Robert C. Hughes
Is Everything Truly Fair in War?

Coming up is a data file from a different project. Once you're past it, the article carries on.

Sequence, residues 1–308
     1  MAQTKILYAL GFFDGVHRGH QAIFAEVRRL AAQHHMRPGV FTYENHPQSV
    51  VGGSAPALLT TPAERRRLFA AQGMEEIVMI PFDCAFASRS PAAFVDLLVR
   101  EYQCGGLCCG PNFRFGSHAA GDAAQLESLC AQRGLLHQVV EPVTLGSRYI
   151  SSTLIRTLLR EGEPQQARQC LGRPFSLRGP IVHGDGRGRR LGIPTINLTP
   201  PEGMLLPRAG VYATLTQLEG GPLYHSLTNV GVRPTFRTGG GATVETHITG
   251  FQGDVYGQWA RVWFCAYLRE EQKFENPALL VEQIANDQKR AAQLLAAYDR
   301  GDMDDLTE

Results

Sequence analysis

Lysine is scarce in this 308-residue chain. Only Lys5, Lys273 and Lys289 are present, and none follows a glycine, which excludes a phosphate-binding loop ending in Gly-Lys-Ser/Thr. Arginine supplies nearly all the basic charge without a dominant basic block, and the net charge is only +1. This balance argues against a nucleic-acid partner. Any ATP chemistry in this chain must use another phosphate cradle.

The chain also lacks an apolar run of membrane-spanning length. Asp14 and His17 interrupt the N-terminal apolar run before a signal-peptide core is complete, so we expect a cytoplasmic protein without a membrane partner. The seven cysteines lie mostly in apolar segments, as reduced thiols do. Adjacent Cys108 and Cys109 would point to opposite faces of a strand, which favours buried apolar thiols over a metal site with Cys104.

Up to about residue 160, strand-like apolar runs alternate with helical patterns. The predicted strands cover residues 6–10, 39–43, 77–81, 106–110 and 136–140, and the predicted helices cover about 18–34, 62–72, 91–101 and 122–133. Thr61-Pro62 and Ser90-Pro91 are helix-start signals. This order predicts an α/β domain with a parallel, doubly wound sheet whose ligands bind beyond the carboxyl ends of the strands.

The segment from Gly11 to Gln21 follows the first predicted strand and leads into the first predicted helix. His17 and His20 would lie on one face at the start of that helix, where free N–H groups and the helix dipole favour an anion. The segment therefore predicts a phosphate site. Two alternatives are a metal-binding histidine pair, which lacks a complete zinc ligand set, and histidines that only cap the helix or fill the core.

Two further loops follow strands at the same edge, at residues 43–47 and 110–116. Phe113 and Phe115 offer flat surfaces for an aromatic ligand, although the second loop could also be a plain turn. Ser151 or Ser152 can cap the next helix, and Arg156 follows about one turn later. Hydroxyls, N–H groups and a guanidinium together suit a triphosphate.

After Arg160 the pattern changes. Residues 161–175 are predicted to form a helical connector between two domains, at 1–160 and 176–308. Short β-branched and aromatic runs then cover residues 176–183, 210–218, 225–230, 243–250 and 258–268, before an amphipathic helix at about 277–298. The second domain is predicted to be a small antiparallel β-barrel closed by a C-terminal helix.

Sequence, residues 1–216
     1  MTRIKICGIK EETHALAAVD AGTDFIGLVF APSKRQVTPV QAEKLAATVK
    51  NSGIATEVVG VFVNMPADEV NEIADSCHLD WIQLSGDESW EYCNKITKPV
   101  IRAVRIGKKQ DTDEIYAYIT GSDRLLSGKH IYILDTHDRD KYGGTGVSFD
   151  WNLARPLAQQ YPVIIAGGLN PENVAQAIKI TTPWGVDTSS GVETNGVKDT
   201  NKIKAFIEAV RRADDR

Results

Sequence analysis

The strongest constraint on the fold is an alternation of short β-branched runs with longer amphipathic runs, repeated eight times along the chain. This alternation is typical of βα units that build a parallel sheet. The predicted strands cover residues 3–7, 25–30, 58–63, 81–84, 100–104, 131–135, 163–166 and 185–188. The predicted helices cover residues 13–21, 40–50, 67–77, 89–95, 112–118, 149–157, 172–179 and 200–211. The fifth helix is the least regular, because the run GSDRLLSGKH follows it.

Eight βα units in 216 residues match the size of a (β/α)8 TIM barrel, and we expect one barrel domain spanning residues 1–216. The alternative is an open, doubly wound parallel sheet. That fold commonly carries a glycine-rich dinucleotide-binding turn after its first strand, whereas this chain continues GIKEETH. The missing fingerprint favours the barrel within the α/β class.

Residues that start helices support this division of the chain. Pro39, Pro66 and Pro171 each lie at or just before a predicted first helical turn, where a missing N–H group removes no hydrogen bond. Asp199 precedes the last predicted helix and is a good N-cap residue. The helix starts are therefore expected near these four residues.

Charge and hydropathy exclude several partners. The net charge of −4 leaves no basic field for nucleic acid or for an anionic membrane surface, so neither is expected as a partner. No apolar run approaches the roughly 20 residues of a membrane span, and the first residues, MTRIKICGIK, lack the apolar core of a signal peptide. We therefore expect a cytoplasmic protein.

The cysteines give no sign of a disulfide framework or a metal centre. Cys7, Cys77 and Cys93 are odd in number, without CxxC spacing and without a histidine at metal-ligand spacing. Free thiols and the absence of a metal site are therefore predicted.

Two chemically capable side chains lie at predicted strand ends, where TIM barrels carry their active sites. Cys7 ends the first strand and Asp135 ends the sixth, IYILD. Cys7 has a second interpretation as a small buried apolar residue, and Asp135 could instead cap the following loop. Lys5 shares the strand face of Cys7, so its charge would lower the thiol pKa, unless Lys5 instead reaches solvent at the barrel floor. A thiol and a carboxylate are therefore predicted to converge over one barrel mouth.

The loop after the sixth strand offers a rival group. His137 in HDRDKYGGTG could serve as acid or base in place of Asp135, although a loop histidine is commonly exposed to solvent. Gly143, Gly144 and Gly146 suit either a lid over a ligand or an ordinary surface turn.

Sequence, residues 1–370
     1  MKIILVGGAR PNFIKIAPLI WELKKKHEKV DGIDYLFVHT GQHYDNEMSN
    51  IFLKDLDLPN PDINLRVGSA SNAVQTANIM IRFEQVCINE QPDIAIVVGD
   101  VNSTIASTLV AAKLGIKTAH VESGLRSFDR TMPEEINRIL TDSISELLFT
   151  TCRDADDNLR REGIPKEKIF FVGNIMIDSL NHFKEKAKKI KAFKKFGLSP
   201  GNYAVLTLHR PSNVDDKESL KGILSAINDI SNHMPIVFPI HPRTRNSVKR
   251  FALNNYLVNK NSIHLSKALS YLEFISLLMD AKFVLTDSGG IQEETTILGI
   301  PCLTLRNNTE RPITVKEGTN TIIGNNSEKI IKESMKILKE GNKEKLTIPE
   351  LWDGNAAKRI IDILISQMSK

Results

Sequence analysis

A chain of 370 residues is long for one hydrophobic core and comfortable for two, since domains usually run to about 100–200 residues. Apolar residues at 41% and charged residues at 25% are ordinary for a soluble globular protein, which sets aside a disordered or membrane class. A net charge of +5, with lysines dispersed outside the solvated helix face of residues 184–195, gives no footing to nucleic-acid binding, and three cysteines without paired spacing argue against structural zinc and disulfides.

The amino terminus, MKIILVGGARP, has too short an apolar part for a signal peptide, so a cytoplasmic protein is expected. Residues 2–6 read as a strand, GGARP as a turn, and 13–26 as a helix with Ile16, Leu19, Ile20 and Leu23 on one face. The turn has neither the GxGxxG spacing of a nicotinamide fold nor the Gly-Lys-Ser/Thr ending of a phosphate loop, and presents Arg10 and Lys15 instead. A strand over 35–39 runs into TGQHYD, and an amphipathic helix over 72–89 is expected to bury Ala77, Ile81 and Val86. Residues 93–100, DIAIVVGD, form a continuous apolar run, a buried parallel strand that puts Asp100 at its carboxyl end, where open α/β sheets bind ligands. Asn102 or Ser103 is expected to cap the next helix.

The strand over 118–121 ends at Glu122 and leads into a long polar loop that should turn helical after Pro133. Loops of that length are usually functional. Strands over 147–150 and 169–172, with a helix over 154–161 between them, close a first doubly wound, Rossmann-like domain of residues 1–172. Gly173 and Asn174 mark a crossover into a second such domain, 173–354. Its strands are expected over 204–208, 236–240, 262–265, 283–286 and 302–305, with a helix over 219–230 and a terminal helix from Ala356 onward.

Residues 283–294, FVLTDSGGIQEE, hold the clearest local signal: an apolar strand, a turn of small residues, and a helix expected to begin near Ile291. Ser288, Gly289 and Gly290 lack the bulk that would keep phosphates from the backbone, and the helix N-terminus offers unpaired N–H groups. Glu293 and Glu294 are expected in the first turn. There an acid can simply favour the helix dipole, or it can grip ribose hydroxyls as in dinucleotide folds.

Absolutism is a political theory that views all values and principles as unconditional, rather than as relative, dependent, or changeable entities. The school of thought is associated with the perception of interpersonal relationships, wherein one views oneself as a small being interacting with others in a larger system. It limits the effect of Utilitarianism, a form of belief that believes in aristocratic bureaucracy, which gives primacy to what will happen, as opposed to giving priority to people’s actions. Absolutism is the view that while consequences are relevant to the morality of an action, some actions are always bad, irrespective of the consequences. This theory is especially true in the case of Warfare. In the article “War and Massacre,” Thomas Nagel seeks to portray a similar perception consistent with the values of absolutism. His overall view of the issue states that it is always wrong to target civilians, no matter how beneficial the aim might be, and that some weapons (like napalm) must never be used against enemy combatants, even if using those weapons is the only way to win a war. For him, actions take absolute priority over end results. Nagel sites examples, such as the scenarios pertaining to the Taxi Driver and the Politician, in order to give substantial reasoning to discuss “the most general moral problem raised by warfare: the problem of